Part of what makes the details believable are the textures applied to them. Before textures are applied, many of the visuals look like basic geometric shapes or smooth featureless objects. Textures help define surroundings, people, objects and more. Good textures—created by talented texture artists—are only noticeable if you’re looking for them. It’s easier to notice muddy or low-res textures, which are kind of a necessary evil in just about every game. Texture quality and detail is limited by the hardware. When it comes to optimizing all the amazing art in a game so you can actually play it, priority usually goes to textures on the main characters, objects and geometry closest to the player. Look at the subtle differences between the original Dragon Age (top) and Dragon Age with a high res texture mod installed.

Most people have to really look to notice and appreciate good texture work, but when they’re good, they can do a lot to make even the most fantastical worlds feel tangible.


A strong and confident art style can take a game a long way, like really long, timeless even. It can cover up deficiencies in some of the other categories mentioned here as well. Some games are designed and developed by massive teams, which can make style consistency difficult. That’s why it’s all the more impressive when a big budget game comes along with an eye-catching style. Nintendo tends to stylize their games. They usually look fantastic and also make up for the lack of hardware power in the Wii. Look at the mega-adorable Kirby’s Epic Yarn. The consistent, cute style makes it a joy to play. I found myself giggling (Buttons! Zippers! Yarn!) at some of the clever uses of style.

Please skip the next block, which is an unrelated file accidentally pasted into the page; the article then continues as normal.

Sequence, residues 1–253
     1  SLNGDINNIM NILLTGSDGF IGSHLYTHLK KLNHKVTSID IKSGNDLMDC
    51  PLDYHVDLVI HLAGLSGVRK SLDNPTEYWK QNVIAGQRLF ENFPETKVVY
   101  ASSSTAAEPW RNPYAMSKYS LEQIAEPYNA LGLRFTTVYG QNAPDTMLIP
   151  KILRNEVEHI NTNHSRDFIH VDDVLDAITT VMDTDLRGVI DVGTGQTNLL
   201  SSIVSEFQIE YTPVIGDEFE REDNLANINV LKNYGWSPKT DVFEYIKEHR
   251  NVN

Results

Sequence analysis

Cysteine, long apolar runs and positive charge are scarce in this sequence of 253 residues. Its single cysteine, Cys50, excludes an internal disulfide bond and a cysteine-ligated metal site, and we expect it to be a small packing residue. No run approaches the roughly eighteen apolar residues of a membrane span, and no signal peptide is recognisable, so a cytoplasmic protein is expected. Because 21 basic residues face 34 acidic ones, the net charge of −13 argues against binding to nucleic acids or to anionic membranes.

Kirby’s Epic Yarn doesn’t push the Wii to its limits, or revolutionize the way games look with some kind of innovative tech. It’s simple, stylish, and admirably consistent.


In the early days of polygonal games, you were lucky if your character’s head shook when he/she was talking. Now the animation in games is ripped from real life using advanced motion capture technology. While the facial animation stuff powering LA Noire is amazing (see how it works here), what amazes me is gameplay animation—meaning the animation of a character while you are in control of him/her. Developers want their characters to look cool and animate smoothly, but those cool animations should not get in the way of player input. When you’re getting shot at by aliens and you’re low on energy, pulling your gun out quickly is more important than it looking awesome as you do it. Without a doubt, the masters of the balance between believable animation and precise player input are the developers at Naughty Dog. Watch the Uncharted 3 clip below and notice how Drake moves, flinches, stumbles and grimaces. The player is always in control, and the animation always looks cool.

Amazing right? There’s a reason why the Uncharted games sell so well. Not only did that clip feature some excellent animation, it also had great style, impressive texture work, and incredible attention to detail. That clip was downright exciting—it was like a summer blockbuster movie you get to play.

I hope that helped explain what I geek out about when I get excited by a game’s looks. It’s not just about big explosions or realistic vehicles—anyone can tell when a game looks “cool”. When I say I like games because they look cool, it could mean a unique style, impressive attention to detail, subtle texture work, or all of the above.

Check back later this week for the next “Why I Love Games” entry.